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My mentor kicked a dying woman's bed…’ Analysing UK nursing students’ ‘most memorable’ professionalism dilemmas

Rees, Charlotte E., Monrouxe, Lynn Valerie and McDonald, Laura A. 2014. My mentor kicked a dying woman's bed…’ Analysing UK nursing students’ ‘most memorable’ professionalism dilemmas. Journal of Advanced Nursing 71 (1) , pp. 169-180. 10.1111/jan.12457

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Abstract

Aim To provide depth and breadth in the analysis of nursing students’ written narratives of ‘most memorable’ professionalism dilemmas. Background While nursing students are taught professionalism through formal curricula, they commonly experience workplace‐based professionalism dilemmas. Although non‐UK studies have begun to explore students’ lived experiences of dilemmas, they lack detail about when and where dilemmas occur, who is involved, what students do and why and how students feel. Design Online survey of healthcare students including 294 nursing students from 15 UK nursing schools. Method Nursing students provided a written narrative of their most memorable dilemma (December 2011–March 2012) as part of a survey examining the impact of professionalism dilemmas on moral distress. We conducted thematic and discourse analysis of all narratives and narrative analysis of one exemplar. Findings The most common themes were patient care dilemmas by healthcare personnel or students, student abuse and consent dilemmas. Of the dilemmas, 49·6% occurred over 6 months previously, 76·2% occurred in hospitals and 51·9% of perpetrators were nurses. 79·3% of students reported acting in the face of their dilemma. Of the narratives, 88·4% contained negative emotion talk and numerous significant relationships existed between types of emotion talk and dilemmas. Our narrative analysis demonstrates the impact of dilemma experiences through emotion talk and more subtle devices like metaphor. Conclusion Findings extend previous research with nursing and medical students. Nurse educators should help students construct emotionally coherent narratives to make sense of their experiences, actions and identities and to better prepare them for future professionalism dilemmas.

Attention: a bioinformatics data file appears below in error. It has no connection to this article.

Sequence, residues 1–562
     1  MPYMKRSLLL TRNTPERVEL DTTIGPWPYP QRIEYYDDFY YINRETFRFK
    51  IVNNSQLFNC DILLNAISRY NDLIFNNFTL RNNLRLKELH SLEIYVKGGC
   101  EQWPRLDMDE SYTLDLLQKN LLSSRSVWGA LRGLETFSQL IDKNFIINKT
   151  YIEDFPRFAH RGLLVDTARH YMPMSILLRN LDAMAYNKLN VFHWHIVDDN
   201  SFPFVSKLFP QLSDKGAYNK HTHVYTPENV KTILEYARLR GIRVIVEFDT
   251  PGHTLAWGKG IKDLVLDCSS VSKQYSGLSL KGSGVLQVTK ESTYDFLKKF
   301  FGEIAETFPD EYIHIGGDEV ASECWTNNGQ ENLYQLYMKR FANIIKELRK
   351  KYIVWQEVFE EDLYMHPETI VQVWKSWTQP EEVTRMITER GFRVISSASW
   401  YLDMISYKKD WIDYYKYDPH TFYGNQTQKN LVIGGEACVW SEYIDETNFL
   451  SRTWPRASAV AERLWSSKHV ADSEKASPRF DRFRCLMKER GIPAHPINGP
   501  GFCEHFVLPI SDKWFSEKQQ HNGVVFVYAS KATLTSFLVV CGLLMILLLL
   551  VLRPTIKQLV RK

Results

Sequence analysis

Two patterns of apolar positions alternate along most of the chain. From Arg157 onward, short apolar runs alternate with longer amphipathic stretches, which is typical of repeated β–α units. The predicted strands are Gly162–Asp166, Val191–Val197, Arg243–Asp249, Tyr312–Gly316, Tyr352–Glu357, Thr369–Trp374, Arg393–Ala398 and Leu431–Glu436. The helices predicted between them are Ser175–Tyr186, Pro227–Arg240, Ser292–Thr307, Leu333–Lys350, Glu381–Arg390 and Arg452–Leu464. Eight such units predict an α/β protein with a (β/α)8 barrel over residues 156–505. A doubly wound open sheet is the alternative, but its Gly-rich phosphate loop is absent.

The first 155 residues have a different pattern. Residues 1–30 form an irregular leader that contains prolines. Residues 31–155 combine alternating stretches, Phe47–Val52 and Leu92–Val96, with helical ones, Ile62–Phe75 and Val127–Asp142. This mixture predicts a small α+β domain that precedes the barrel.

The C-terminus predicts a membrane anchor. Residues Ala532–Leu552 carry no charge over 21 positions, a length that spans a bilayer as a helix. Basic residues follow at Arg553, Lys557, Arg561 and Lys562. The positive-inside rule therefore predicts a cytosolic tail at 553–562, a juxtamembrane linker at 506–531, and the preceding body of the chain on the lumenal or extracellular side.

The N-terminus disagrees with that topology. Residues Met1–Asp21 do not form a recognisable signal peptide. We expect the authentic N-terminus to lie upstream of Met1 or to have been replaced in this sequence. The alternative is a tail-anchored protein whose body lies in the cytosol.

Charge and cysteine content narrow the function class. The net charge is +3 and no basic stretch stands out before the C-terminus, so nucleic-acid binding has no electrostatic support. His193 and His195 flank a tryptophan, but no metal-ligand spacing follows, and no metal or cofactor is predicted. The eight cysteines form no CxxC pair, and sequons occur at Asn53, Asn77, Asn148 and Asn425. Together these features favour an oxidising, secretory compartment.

Item Type: Article
Date Type: Publication
Status: Published
Schools: Medicine
Subjects: R Medicine > R Medicine (General)
Additional Information: Article first published online 10 June 2014
Publisher: Wiley
ISSN: 0309-2402
Date of Acceptance: 10 May 2014
Last Modified: 13 Jun 2019 10:49
URI: http://orca-mwe.cf.ac.uk/id/eprint/86299

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